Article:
While the process of coming up to the following list of steps was long, the list itself is short.

1. In our environment, JBoss uses log4j, cspace-services.war uses log4j and Spring used it as well. However, Spring was shutting down log4j logger when our war was undeploying due to the following listener. Remove Log4jConfigListener from web.xml.

1:  <listener>  
2:   <listener-class>org.springframework.web.util.Log4jConfigListener</listener-class>  
3:  </listener>  

2. Do not package log4j jar with your web app. JBoss ships with log4j.jar that is available in the system classpath.

3. Have your own log RepositorySelector to separate your log from other applications (here JBoss). This also helps in stopping JBoss's RepositorySelector from jamming application's log entry onto its own. Here is how repository selector looked.

1:  package;  
2:  import java.util.Hashtable;  
3:  import javax.naming.Context;  
4:  import javax.naming.InitialContext;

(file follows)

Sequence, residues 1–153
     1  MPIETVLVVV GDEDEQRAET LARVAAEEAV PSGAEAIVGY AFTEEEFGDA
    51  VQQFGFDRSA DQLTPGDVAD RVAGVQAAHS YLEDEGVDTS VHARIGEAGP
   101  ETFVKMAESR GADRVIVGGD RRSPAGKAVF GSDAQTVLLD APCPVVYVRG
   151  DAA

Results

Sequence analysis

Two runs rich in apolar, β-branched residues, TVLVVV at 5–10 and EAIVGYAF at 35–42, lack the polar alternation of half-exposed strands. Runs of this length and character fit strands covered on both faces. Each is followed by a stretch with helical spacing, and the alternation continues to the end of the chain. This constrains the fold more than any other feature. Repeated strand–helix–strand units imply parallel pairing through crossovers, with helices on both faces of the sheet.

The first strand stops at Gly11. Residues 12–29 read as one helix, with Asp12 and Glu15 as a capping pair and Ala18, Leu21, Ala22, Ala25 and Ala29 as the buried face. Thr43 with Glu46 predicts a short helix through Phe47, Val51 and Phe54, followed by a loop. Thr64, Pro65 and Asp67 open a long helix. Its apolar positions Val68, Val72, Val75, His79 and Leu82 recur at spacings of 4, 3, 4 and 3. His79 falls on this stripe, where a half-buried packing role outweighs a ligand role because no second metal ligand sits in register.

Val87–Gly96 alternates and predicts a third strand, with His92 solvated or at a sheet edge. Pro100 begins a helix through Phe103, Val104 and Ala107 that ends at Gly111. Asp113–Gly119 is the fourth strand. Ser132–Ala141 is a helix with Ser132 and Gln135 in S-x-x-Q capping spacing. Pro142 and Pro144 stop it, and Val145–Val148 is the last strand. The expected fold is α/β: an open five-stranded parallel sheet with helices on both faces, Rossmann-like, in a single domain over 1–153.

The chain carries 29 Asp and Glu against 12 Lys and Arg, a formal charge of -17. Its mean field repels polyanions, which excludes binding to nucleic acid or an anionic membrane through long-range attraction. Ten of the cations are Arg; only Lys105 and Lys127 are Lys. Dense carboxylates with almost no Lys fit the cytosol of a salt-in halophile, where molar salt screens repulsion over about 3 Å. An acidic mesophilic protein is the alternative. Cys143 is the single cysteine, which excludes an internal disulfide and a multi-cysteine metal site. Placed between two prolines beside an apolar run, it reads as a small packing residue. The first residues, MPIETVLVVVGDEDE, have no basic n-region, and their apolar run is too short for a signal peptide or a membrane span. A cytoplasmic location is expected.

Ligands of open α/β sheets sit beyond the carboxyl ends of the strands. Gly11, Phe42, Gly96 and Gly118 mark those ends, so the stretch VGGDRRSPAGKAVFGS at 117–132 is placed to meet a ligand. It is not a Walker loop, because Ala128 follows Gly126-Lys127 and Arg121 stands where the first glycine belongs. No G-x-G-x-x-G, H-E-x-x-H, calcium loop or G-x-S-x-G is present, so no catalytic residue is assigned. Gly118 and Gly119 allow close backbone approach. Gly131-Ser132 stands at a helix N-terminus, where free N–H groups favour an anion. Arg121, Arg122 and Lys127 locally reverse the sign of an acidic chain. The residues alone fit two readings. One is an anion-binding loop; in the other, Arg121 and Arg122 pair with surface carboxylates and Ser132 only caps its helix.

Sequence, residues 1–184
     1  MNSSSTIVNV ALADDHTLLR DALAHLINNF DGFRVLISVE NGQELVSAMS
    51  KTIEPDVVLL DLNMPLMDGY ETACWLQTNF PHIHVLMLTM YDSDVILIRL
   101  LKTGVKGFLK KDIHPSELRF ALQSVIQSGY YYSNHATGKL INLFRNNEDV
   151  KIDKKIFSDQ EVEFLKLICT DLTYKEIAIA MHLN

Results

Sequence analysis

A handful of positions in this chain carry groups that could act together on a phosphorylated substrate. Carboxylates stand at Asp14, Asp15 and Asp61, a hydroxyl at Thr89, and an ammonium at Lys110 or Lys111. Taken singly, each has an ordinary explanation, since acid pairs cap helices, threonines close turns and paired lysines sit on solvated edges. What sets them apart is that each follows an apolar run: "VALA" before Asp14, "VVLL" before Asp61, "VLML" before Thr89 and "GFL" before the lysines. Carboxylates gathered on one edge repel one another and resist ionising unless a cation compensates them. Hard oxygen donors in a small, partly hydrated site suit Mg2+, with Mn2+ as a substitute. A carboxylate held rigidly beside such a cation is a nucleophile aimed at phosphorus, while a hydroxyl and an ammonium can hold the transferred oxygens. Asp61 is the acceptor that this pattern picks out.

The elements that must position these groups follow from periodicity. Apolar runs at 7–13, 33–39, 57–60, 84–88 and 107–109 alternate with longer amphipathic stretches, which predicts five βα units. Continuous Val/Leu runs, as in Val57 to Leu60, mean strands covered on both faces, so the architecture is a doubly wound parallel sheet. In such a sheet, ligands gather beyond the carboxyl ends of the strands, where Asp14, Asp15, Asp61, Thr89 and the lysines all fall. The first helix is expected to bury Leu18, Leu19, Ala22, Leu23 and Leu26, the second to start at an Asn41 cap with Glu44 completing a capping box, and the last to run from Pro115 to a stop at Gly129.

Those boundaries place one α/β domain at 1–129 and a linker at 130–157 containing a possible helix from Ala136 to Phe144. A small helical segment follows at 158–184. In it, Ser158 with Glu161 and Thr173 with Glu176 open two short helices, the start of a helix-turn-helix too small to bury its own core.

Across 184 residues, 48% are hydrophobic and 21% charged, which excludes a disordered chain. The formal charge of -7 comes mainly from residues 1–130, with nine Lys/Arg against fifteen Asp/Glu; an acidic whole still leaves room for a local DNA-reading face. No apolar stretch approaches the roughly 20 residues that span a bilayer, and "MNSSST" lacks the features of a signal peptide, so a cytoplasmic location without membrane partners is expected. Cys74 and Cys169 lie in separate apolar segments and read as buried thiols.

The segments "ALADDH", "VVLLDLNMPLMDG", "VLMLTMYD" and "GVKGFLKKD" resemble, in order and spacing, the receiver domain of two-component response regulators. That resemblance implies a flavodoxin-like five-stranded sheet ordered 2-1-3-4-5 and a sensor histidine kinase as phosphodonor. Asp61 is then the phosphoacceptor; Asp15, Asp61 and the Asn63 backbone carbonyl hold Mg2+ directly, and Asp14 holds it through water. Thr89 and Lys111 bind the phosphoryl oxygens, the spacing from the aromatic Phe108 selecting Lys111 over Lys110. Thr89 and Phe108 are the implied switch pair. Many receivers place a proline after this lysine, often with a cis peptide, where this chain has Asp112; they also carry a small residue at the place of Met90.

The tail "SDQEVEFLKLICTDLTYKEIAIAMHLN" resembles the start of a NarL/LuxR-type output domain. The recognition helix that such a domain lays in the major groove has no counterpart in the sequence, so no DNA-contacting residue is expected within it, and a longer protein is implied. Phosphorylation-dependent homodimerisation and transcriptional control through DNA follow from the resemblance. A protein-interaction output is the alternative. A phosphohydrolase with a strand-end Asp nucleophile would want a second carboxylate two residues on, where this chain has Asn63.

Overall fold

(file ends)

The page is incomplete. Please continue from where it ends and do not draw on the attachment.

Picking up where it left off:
5:  import javax.naming.NamingException;  
6:  import org.apache.log4j.Hierarchy;  
7:  import org.apache.log4j.Level;  
8:  import org.apache.log4j.spi.LoggerRepository;  
9:  import org.apache.log4j.spi.RepositorySelector;  
10:  import org.apache.log4j.spi.RootLogger;  
11:  /**  
12:   * CollectionSpaceLog4jRepositorySelector is a CollectionSpace  
13:   * specific log4j repository selector. See Ceki's solution  
14:   * for more details  
15:   * Courtsey Ceki Gulcu  
16:   */  
17:  /** JNDI based Repository selector */  
18:  public class CollectionSpaceLog4jRepositorySelector implements RepositorySelector {  
19:    // key: name of logging context,  
20:    // value: Hierarchy instance  
21:    private Hashtable ht;  
22:    private Hierarchy defaultHierarchy;  
23:    public CollectionSpaceLog4jRepositorySelector() {  
24:      ht = new Hashtable();  
25:      defaultHierarchy = new Hierarchy(new RootLogger(Level.DEBUG));  
26:    }  
27:    // the returned value is guaranteed to be non-null  
28:    public LoggerRepository getLoggerRepository() {  
29:      String loggingContextName = null;  
30:      try {  
31:        Context ctx = new InitialContext();  
32:        loggingContextName = (String) ctx.lookup("java:comp/env/cspace-logging-context");  
33:      } catch (NamingException ne) {  
34:        // we can't log here  
35:      }  
36:      if (loggingContextName == null) {  
37:        return defaultHierarchy;  
38:      } else {  
39:        Hierarchy h = (Hierarchy) ht.get(loggingContextName);  
40:        if (h == null) {  
41:          h = new Hierarchy(new RootLogger(Level.DEBUG));  
42:          ht.put(loggingContextName, h);  
43:        }  
44:        return h;  
45:      }  
46:    }